Wednesday, August 10, 2011

Sales of Imprelis Herbicide Halted. Refunds Planned

Over the past few weeks, several readers have contacted me and asked if I had heard about an herbicide named Imprelis. I had read about it, in passing, but hadn't had the time to look into it in depth.

What I originally read was that Imprelis herbicide, which was marketed as an environmentally friendly herbicide for professional use (landscape services, etc), was suspected in the deaths of thousands of Norway Spruces, eastern white pines, and other trees on lawns and golf courses across the country. (Source) 

I just got the chance to look into it further  and have discovered that DuPont, the manufacturer of Imprelis, has halted sales of the product and is planning a product return and refund program. Additionally, they have setup an entire website, called Imprelis Facts,  to answer questions about the product.

If you utilize a landscape service to maintain your lawn, you might want to ask them if they use Imprelis.

I tried to dig a little deeper and find out why it was first thought to be environmentally friendly. I only found a vague mention of it being "less" toxic to mammals.

I also thought it was interesting that, even though it was marketed as environmentally friendly, companies that applied the product were instructed to provide this notice to all of their customers:

Today we have treated your lawn with an innovative weed control product from DuPont. The product label requires that you do not use grass clippings from areas treated with Imprelis for mulching or compost, or allow for collection to composting facilities. Grass clippings must either be left on the treated area, or, if allowed by local yard waste regulations, disposed of in the trash.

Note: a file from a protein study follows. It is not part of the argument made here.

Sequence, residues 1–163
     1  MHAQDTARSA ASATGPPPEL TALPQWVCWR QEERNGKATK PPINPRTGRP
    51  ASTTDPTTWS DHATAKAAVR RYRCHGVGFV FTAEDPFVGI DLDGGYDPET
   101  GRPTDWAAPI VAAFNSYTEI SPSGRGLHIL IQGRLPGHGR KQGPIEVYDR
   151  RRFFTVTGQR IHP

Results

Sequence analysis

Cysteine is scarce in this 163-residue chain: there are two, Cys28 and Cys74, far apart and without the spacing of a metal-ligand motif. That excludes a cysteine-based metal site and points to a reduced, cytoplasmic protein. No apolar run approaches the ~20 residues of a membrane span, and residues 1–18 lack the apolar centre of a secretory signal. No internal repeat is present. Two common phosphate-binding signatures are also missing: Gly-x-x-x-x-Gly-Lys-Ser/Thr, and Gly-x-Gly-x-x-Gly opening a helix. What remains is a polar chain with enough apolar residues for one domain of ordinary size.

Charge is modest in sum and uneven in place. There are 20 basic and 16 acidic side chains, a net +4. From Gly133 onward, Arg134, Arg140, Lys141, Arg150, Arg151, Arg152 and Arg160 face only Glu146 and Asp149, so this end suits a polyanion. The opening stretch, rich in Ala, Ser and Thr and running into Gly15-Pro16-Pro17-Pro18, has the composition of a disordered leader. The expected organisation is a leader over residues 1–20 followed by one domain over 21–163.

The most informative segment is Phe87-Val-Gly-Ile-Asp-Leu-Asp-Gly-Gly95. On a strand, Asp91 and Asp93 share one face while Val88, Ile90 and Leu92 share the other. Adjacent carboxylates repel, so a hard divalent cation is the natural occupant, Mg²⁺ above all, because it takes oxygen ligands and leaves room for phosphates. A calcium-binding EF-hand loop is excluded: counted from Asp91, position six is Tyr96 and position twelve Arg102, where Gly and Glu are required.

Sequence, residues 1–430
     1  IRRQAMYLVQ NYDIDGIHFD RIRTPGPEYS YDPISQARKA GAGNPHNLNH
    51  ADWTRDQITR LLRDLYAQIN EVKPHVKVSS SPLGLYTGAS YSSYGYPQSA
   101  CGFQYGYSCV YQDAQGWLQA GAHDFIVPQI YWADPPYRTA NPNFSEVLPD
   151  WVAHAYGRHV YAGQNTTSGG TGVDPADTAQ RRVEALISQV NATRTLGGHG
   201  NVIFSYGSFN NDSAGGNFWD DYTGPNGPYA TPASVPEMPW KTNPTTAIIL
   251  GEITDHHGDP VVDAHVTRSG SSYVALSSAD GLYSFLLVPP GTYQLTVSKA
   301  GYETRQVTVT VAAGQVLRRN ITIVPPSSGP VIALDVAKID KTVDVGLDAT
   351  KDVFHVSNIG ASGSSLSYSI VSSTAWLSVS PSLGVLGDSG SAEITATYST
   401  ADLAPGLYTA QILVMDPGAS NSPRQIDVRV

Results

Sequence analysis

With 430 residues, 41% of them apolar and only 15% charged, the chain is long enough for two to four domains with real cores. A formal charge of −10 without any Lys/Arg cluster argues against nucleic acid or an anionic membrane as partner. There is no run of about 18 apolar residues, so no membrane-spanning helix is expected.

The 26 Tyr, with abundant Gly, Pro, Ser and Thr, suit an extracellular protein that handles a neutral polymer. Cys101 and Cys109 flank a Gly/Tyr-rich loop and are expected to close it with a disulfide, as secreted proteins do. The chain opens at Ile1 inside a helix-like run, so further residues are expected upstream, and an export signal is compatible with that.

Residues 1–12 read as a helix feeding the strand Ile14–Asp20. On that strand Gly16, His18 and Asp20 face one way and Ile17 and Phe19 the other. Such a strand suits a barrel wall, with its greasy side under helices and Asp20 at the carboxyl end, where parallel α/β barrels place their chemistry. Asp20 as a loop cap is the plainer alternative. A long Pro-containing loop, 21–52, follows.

As usual, my recommendation is to stay away from herbicides and other lawn chemicals whenever you can, even if they are listed as being more environmentally friendly.

Read More:

Changing Your Relationship With Weeds

Please Don't Poison My Planet

Beware of Second Hand Herbicides

City Blossoms Fall Internships

City Blossoms is seeking energetic, creative, garden-loving individuals to promote access to interactive, holistically healthy green spaces for all urban citizens.

City Blossoms' programming includes regular weekly workshops at several locations in Washington, D.C., and Takoma Park, as well as family-oriented weekend events, volunteer days and various community celebrations.

City Blossoms would like to hire three interns in the areas of administrative support, communications & outreach, and instruction. Must be available to work weekdays and Saturdays. Internship includes hands-on experience in community building through dynamic, multi-purpose green spaces.

A small stipend is provided for successful completion of this internship. Potential for part-time employment is contingent on the completion of this internship. Applicants with access to a car are highly desired. Please send your resume with a cover letter that includes qualifications specific to one of the three opportunities to Lola Bloom or Rebecca Lemos

Washington Youth Garden Hiring

The Washington Youth Garden is a non-profit garden and environmental science education organization located on the grounds of the U.S. National Arboretum in Washington, D.C. They are currently seeking people for several positions. 

The Education Assistant position is a part-time (30 hrs/week) professional 3-month position that will support the Washington Youth Garden's Education Coordinator and other WYG staff in the execution and advancement of WYG's Garden Science program.  Via the Garden Science program, the WYG partners with local elementary schools to provide environmental science and nutrition education.  Key components: 1) an interactive eight week garden-based curriculum for third and fourth grade classes;  2) the development, installation, education and management of edible school gardens;  3) a full day field experience to the WYG in May for each school;  and 4) teacher trainings and parent orientations.   

 For additional details and application instructions please visit this page on the Washington Youth Garden website: Education Assistant

WYG is also hiring a Garden Manager. The Garden Manager is responsible for planning, designing and overseeing the maintenance of a ¾-acre demonstration and production garden used for WYG educational programs, workshops, trainings and U.S. National Arboretum visitors. 
For additional details on the Garden Manager position please visit: Garden Manager

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